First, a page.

Contrary to the received opinion that Japan is suffering from "arthritis" and hence economic stagnation, I argue that Japanese capitalism has been undergoing a great transformation since the early 1980s. Arguments in support of this view are presented at three levels:
- the corporate level, characterized by an increasing heterogeneity of firms in terms of organization and performance;
- the institutional level, characterized by decline of previous forms of coordination;
- the social compromise level, characterized by a surge of multidimensional inequalities.
This paper furthermore demonstrates that rather than converging towards an Anglo-Saxon or continental European variety of capitalism Japan follows its own trajectory. This has important implications for the understanding of contemporary capitalisms.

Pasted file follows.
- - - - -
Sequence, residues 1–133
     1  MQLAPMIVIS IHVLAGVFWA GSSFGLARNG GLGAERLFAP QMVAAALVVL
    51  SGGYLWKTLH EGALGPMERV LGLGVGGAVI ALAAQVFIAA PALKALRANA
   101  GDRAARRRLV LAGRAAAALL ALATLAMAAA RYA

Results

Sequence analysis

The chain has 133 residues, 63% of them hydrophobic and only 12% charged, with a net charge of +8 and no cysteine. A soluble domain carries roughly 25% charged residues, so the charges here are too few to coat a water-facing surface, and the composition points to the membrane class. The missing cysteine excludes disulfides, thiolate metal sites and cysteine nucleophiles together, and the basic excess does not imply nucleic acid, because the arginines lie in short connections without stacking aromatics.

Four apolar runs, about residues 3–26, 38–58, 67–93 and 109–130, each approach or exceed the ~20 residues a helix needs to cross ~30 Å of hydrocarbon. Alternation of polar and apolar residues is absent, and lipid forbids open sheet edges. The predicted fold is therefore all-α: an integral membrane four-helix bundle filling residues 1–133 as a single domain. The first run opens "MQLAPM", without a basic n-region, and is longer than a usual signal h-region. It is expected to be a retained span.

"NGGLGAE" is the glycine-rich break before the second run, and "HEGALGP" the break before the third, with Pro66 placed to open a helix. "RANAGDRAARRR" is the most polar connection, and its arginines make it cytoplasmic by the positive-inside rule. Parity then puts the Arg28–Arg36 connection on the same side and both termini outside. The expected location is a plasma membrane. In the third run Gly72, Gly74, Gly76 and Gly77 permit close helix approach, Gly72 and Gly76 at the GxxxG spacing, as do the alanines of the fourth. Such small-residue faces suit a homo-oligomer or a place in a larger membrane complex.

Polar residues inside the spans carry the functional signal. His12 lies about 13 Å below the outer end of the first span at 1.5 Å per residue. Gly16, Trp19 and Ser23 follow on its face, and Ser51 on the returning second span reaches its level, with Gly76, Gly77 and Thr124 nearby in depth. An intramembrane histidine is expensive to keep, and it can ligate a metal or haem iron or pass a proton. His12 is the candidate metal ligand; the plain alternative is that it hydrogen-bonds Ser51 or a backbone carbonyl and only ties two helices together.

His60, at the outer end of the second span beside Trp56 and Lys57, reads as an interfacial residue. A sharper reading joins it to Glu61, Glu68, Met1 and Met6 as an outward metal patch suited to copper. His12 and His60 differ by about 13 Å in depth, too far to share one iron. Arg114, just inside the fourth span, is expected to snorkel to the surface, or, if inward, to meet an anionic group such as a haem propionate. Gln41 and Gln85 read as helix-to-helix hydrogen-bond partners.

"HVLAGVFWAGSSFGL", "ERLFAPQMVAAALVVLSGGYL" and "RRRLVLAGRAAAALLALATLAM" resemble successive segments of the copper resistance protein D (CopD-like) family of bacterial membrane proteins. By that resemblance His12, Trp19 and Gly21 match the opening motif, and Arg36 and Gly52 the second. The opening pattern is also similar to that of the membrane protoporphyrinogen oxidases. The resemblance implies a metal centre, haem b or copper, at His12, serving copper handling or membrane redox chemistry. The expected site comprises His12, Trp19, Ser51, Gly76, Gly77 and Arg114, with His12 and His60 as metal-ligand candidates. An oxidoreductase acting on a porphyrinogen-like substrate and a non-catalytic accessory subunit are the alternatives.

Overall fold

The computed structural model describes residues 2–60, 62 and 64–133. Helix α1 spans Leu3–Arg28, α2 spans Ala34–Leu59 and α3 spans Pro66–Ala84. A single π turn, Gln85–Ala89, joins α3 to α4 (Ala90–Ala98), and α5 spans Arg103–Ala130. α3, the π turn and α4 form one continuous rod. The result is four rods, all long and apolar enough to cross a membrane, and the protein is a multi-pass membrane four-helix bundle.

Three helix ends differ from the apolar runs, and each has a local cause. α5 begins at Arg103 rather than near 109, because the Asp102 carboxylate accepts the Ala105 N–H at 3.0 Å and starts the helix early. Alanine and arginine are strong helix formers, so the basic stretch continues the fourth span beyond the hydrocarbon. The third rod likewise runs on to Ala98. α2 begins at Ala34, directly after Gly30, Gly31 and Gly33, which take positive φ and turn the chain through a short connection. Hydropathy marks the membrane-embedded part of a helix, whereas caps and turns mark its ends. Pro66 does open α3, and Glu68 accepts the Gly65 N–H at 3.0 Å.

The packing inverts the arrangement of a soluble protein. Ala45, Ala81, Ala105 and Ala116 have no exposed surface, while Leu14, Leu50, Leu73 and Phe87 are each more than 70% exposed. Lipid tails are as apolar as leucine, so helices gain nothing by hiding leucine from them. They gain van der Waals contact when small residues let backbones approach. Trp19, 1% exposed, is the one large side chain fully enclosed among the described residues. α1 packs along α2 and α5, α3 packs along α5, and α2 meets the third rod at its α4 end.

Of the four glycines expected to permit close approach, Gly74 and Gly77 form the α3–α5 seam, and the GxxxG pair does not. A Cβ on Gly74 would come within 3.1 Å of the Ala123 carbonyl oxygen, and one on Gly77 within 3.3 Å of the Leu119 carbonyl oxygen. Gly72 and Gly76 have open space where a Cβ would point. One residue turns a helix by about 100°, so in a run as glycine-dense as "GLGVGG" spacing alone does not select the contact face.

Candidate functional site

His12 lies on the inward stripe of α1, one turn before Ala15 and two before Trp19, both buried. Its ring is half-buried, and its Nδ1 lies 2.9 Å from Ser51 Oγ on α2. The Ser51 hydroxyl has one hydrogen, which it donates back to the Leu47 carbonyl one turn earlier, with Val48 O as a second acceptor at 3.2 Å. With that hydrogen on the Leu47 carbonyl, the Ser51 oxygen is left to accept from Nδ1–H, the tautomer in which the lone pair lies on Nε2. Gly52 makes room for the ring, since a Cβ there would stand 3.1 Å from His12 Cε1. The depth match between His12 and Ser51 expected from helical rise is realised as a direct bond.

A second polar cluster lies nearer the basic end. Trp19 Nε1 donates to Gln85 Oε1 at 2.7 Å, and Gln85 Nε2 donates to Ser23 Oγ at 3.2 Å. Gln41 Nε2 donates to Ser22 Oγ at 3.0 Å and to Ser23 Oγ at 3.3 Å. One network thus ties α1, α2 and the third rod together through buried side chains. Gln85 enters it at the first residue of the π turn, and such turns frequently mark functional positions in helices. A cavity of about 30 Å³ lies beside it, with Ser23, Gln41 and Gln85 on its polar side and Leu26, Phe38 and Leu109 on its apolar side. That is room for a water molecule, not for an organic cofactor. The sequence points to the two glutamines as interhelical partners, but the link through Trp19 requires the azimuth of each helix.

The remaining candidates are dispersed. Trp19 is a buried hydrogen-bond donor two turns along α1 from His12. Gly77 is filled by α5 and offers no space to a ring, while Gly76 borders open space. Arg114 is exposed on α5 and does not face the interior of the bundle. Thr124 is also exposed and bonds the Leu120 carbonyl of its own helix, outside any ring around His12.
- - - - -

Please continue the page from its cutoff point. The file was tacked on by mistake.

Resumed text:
Sébastien Lechevalier is Associate Professor at EHESS (Paris) and founding President of Fondation France-Japon de l’EHESS (EHESS Paris日仏財団: http://ffj.ehess.fr/). He specialises in Japanese economy, conducting research on various topics such as institutional change, inequality, industrial dynamics and innovation. He published in 2011 The Great Transformation of Japanese Capitalism (1980-2010) (Presses de Sciences Po, in French, forthcoming in English, Routledge). He is currently coordinating 2 research projects: “Is Deindustrialization inevitable? The future of manufacturing in Japan, Korea, Germany, and France” and "Corporate finance and governance in Asia: understanding organizational and institutional changes " (in collaboration with T. Hoshi and H. Miyajima). Full CV can be found here: http://crj.ehess.fr/document.php?id=332